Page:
This Quarterly Report on Form 10-Q contains statements that constitute forward-looking statements within the meaning of Section 27A of the Securities Act of 1933, as amended, and Section 21E of the Securities Exchange Act of 1934, as amended. These forward-looking statements are made pursuant to the safe harbor provisions of the Private Securities Litigation Reform Act of 1995. These forward-looking statements include statements relating to trends in, or representing management's beliefs about, the Company's future strategies, operations and financial results, as well as other statements including words such as "believe," "anticipate," "expect," "estimate," "predict," "intend," "plan," "project," "will," "could," "may," "might" or any variations of such words or other words with similar meanings. Forward-looking statements are made based upon management's current expectations and beliefs concerning trends and future developments and their potential effects on the Company. However, caution should be taken not to place undue reliance on any such forward-looking statements because such statements speak only as of the date when made and may not prove to be accurate. The Company undertakes no obligation to publicly update or revise any forward-looking statements, whether as a result of new information, future events or otherwise. These statements are not guarantees of future performance and involve risks and uncertainties that are difficult to predict and could cause actual results to differ materially from the Company's historical experience and its present expectations or projections. These risks and uncertainties include, but are not limited to, substantial operating losses and negative cash flows from operations incurred in the fiscal year ended December 29, 2007 and the first quarter ended March 29, 2008, the continued ability to access funds under the Company's revolving credit facility, reducing expenses and controlling costs in the current difficult retail environment, successfully implementing a consignment program involving expanded merchandise offerings not previously carried in the Company's stores, changes in the level of consumer spending on or preferences in footwear merchandise, economic and other factors affecting retail market conditions, the Company's ability to purchase attractive name brand merchandise at reasonable discounts, the availability of desirable store locations as well as management's ability to negotiate acceptable lease terms and maintain supplier and business relationships. Other risks and uncertainties include those described in the Company's Annual Report on Form 10-K for the year ended December 29, 2007. Risk factors that could cause actual results to differ materially from those expressed in any forward-looking statement made by the Company include, but are not limited to:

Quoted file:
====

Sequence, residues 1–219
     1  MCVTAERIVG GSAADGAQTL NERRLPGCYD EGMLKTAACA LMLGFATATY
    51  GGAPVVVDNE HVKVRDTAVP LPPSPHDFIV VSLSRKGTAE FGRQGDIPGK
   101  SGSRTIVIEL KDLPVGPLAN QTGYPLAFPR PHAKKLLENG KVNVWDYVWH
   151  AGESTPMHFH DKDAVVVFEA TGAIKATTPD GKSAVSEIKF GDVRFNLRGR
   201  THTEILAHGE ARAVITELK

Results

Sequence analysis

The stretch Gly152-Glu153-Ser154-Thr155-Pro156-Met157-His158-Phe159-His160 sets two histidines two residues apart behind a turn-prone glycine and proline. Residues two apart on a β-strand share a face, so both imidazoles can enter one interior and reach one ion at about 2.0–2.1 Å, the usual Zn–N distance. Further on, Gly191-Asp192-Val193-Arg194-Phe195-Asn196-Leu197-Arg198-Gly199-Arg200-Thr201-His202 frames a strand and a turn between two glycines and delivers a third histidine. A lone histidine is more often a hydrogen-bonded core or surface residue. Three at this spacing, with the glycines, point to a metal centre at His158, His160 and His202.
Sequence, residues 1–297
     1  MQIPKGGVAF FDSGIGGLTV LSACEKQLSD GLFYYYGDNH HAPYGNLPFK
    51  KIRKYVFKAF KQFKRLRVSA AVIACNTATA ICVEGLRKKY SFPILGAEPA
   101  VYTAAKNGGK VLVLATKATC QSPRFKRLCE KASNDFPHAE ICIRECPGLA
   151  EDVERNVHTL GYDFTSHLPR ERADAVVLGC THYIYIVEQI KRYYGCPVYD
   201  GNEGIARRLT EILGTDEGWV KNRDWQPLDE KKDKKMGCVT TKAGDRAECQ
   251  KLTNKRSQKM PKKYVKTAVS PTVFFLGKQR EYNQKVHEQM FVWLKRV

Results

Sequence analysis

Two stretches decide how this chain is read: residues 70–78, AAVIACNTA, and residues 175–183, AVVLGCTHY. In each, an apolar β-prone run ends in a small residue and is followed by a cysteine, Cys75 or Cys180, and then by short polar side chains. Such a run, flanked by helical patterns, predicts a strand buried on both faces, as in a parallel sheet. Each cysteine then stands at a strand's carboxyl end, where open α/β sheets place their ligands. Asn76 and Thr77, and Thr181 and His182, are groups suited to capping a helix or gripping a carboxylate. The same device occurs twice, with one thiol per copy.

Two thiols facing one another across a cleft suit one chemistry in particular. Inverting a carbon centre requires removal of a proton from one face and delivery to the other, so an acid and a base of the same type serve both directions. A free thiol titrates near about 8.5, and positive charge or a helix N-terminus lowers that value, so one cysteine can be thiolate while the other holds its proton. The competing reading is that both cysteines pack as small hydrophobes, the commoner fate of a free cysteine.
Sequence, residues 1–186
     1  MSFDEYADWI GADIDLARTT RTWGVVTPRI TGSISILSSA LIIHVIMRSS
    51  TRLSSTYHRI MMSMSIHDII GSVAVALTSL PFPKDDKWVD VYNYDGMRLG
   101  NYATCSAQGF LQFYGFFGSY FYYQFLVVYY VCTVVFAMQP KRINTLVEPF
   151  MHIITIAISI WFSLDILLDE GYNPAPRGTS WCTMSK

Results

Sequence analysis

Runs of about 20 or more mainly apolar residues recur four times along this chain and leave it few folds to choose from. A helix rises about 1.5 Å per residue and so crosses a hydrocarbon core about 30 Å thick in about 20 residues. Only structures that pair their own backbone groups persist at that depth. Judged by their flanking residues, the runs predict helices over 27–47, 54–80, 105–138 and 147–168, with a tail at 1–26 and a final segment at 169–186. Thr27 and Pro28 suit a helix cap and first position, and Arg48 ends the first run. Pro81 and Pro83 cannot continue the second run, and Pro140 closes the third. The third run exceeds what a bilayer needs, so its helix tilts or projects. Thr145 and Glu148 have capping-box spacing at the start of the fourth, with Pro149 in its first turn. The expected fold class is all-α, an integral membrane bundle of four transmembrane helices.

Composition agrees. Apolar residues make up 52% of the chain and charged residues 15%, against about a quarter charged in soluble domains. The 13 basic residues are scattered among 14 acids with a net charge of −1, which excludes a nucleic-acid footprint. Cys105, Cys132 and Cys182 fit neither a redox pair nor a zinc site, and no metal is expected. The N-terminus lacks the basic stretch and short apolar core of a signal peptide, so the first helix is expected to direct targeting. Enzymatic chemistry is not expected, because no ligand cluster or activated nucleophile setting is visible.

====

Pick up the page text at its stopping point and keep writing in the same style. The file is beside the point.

• the Company's ability to successfully introduce new product offerings in its stores that will contribute a margin at least comparable to what footwear had generated in the vacated floor space;
  • the Company's ability to enter into new consignment agreements and to maintain and renew existing consignment agreements;
  • the Company's continued ability to access capital through cash flows from operations and its revolving credit facility;
  • changes in consumer preferences or fashion trends that affect the sales or product margins of the Company's product offerings;
  • the Company's ability to negotiate acceptable leases and to execute store openings and closings on schedule and at acceptable expense levels;
  • weakness in consumer demand for products sold by the Company, including weakness caused by the availability of consumer credit and consumer confidence;
  • changes in the timing of holidays or in the onset of seasonal weather affecting period to period sales comparisons;

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  • changes in the Company's relationships with vendors and other resources making it more difficult to obtain footwear and accessories on favorable financial terms and conditions;
  • changes in business strategies by the Company's competitors in pricing and promotional discounts, entry of additional competitors into the Company's markets, and other competitive factors; and
  • the Company's recurring losses may lead to additional store closures.

The following should be read in conjunction with the Company's condensed consolidated financial statements and related notes thereto provided under "Item 1-Financial Statements" above.

Overview

Shoe Pavilion is an independent off-price footwear retailer with locations in the Western and Southwestern United States. The Company operates as a single reporting business segment with 113 stores as of March 29, 2008 in Washington, Oregon, California, Arizona, Nevada, Texas and New Mexico. During the first three months of fiscal year 2008, the Company did not open any new stores and closed two stores. The Company was among the first footwear retailers on the West Coast to expand the off-price concept into the branded footwear market. The Company offers a broad selection of quality designer label and branded footwear, typically at 20% to 60% below regular department store prices, in a convenient self-service store format.